Over the past year, Colima has seen a marked increase in crime and violence.
Over a three-day period in April 2016, authorities reported 18 killings in the southern municipality of Tecomán, six of which were found in a hidden grave. In a 24-hour period in June 2016, 10 bodies were found in hidden graves and several more people were wounded in shooting attacks.
In a month-long period between November and December last year, three state police officers and two state attorney general’s office personnel were killed in shootings. An early-morning shooting at a bar in the state’s capital on December 18 left one man dead and two others seriously wounded.
In a 24-hour period over January 21 and 22 this year, 12 people were found killed around Manzanillo.
According to an analysis of homicide rates in municipalities with more than 100,000 people done by Mexican news site Animal Politico, Colima had three of the top 10: Tecomán at the top (116.80 homicides per 100,000 people), Manzanillo in third (103.87), and Colima municipality in seventh (75.28).
In addition to killings, the rate of extortion has gone up as well, rising from 1.94 incidents per 100,000 people in 2015 to 8.16 incidents per 100,000 in 2016. The 2016 per capita extortion rate was the fourth-highest in the country, according to official statistics.
“I think most of the population has witnessed or been very close to an incident” of violence, Pedro Zamora, a journalist in Colima, told Al Jazeera in October. “It hasn’t caused mass panic yet, but there’s a sense of fear and uncertainty.”
“There’s not panic on the streets here,” Miguel Angel Vargas, news director of radio station Angel Guardian in Colima city, told The Guardian in November. People in the city were concerned about personal finances and issues close to home, like corruption and government spending, Vargas added.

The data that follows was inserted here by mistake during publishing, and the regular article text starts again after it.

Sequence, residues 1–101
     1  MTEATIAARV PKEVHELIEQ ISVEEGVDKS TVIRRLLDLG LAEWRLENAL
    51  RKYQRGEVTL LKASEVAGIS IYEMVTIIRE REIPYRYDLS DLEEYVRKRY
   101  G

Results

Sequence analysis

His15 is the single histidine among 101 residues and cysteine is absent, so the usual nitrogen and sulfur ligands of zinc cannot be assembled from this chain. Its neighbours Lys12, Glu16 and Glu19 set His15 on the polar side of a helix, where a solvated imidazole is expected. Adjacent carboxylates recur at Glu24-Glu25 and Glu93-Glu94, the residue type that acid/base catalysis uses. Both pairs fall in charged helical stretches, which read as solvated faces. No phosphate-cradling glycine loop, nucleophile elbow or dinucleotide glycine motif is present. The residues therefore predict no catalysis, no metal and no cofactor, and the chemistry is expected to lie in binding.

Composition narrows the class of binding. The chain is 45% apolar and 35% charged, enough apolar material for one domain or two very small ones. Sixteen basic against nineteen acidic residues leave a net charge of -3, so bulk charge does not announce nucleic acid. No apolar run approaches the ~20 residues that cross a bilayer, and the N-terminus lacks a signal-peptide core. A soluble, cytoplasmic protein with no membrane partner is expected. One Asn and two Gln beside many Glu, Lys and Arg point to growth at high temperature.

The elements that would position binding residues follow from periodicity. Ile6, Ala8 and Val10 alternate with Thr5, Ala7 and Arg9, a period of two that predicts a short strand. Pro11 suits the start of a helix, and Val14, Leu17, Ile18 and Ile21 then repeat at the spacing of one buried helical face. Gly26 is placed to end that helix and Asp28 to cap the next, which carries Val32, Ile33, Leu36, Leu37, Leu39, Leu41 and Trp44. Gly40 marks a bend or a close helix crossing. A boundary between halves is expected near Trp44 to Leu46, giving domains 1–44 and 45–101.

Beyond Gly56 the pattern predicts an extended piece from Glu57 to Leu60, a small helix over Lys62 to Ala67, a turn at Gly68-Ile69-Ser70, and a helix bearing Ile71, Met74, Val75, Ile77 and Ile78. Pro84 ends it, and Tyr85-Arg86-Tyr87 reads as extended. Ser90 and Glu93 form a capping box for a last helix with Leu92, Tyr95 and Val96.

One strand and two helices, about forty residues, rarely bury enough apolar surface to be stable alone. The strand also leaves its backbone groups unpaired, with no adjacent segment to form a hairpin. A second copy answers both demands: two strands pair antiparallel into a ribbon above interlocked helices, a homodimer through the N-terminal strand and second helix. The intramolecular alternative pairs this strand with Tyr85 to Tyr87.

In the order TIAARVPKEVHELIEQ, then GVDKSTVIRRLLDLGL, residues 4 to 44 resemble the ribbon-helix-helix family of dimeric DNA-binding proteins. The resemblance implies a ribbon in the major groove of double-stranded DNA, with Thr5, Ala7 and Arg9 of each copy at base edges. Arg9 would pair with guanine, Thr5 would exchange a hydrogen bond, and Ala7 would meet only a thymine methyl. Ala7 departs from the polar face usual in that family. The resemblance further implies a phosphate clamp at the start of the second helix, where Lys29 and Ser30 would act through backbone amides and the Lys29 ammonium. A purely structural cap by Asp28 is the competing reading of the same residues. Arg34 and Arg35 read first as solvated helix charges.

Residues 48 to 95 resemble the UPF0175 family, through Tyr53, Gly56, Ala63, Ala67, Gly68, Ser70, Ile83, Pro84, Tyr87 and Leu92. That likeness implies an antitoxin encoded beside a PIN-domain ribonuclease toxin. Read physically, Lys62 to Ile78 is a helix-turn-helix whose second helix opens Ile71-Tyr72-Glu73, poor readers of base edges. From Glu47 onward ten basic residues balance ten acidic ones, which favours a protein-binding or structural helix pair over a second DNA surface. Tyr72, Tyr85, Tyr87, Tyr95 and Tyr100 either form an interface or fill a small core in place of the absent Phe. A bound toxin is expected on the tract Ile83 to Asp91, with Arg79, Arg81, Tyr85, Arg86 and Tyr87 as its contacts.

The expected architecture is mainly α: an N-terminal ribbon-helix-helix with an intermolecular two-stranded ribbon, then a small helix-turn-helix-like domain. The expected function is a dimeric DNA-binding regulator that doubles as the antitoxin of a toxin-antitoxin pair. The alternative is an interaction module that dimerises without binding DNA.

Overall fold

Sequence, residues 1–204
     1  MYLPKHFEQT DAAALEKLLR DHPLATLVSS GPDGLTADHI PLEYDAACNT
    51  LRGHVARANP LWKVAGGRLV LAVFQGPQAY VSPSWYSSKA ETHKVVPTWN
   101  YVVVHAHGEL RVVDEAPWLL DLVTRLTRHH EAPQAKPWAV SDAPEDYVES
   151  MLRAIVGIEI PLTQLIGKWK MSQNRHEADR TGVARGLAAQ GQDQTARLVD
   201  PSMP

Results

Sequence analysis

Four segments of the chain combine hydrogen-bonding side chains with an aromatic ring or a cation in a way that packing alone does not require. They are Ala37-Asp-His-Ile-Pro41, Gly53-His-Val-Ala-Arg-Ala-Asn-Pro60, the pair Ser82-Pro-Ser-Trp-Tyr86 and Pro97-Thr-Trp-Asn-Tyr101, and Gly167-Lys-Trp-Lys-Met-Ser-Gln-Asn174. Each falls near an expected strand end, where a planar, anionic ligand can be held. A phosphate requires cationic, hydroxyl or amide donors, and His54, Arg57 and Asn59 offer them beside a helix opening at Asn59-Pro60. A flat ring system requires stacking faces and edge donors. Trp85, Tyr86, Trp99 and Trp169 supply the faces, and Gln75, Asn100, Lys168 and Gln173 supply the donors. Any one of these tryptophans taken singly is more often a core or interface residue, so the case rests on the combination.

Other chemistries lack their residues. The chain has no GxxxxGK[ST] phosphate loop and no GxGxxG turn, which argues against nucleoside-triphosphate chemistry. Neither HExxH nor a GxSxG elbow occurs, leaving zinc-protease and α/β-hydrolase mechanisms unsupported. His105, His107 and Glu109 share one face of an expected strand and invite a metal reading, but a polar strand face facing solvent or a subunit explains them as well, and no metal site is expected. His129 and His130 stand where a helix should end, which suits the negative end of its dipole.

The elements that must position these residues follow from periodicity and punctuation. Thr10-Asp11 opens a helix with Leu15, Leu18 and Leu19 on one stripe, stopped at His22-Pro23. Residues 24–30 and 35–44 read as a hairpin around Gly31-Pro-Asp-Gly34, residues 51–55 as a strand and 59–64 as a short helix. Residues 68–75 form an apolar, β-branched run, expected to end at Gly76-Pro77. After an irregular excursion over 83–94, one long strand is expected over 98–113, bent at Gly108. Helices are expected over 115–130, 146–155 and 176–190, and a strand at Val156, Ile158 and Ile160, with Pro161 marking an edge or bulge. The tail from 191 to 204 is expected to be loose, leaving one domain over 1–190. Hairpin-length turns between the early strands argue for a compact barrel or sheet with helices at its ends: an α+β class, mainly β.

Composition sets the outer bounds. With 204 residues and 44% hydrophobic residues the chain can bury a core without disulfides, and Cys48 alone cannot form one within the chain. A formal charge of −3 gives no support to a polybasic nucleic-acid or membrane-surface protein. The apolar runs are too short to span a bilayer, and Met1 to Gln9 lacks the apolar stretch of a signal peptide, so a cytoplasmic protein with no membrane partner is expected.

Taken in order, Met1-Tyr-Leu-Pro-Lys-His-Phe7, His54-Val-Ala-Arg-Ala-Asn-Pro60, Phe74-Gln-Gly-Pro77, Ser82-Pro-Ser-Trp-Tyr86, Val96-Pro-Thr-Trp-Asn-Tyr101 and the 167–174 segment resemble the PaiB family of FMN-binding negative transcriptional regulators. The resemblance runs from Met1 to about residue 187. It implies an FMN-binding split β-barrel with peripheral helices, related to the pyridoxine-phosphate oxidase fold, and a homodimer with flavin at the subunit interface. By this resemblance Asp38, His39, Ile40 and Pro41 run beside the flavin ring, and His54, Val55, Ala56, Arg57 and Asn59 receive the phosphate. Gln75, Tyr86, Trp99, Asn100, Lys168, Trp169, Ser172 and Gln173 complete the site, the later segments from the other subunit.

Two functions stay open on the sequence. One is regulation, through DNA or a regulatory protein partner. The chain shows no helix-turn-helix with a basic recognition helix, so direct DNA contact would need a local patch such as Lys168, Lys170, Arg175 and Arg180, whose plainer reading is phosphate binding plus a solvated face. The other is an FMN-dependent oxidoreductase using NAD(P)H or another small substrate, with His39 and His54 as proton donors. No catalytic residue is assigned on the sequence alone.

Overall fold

In many cases, authorities have suggested the victims of deadly violence were involved in criminal activity. “Up until now, we have not found innocent people mixed up in these events,” Manzanillo police chief Miguel Angel Garcia told The Guardian.
Family members have disputed these characterizations, which are often passed along by the press.
“[What the media is showing] is not true. They’re innocent victims, but the government is criminalising them,” Castro, the friend of a 21-year-old woman slain in April, told Al Jazeera. “It hurts when they say that about someone you know to justify their death.”
The violence seems unlikely to relent in the future, because of events in the narco world as well as the relationship between the government in Colima and the criminal groups operating there.
Some have suggested the violence will not ease until a single cartel gains power with help from the government, noting that the Sinaloa cartel’s purported arrival coincided with a gubernatorial election. Power in that election passed between the same party, the governing Institutional Revolutionary Party (PRI), but changeovers in governments can disrupt relationships established between officials and criminal groups.
“There’s no ‘pacto'” in Colima, a journalist told The Guardian, referring to such relationships. “It won’t calm down here until there is.”